23 July 2015
Ambunti, Papua New Guinea
Via Twitter, Dr Phil Collins of Brunel University (@PhilCollins_UK) highlighted an interesting story on an Australian news website about a “sinkhole” that developed on Saturday on the banks of the Sepik River in Ambunti, Papua New Guinea. The original news report has some images:
Pacific Islands Report has a longer description of the landslide:
According to witnesses Jamie Asa and Frank Warakai, the sinkhole formed about midday last Saturday at the Forex Camp and Saksak Compound, along the Sepik River. “Sixteen houses went down as the earth opened up unexpectedly.
“The settlers panicked and scrambled out of their houses within minutes as the earth shook,” a shocked Warakai said, adding that his house was the first one to be sucked in by the sinkhole.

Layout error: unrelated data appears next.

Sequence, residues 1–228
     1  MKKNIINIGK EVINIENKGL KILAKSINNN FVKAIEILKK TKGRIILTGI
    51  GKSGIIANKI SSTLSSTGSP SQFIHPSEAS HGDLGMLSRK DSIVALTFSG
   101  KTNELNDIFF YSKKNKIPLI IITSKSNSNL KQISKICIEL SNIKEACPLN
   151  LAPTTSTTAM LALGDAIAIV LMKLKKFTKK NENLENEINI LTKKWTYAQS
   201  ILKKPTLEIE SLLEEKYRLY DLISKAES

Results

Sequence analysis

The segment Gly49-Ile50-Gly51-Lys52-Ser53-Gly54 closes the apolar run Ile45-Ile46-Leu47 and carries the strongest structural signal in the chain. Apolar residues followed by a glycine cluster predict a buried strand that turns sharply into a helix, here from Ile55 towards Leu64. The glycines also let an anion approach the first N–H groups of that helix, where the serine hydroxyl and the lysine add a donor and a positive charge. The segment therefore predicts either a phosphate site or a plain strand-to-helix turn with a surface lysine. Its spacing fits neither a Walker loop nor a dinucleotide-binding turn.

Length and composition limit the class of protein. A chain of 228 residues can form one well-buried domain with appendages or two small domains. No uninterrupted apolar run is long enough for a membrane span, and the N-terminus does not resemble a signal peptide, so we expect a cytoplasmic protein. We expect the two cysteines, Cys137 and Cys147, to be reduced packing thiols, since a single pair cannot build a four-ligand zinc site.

He said he was woken from his sleep by the movement of the earth and jumped out of his house. As he ran for safety, the earth gave way within seconds, causing a large stretch of land to immediately sink in, creating huge cracks that destroyed houses. Mr Asa said the people in the settlements also panicked and many managed to escape to higher grounds. He said the displaced people are seeking shelter in makeshift houses and at nearby villages.
Whilst this is being reported as a sinkhole, I am certain that this is a riverbank landslide. Unfortunately the Google Earth imagery for this location does not have a high resolution, but Ambunti appears to be on the outside of a sharp river bend, and there is a feature sticking into the river on the apex of the bend that looks suspiciously like an old landslide, but that is pure speculation at this stage: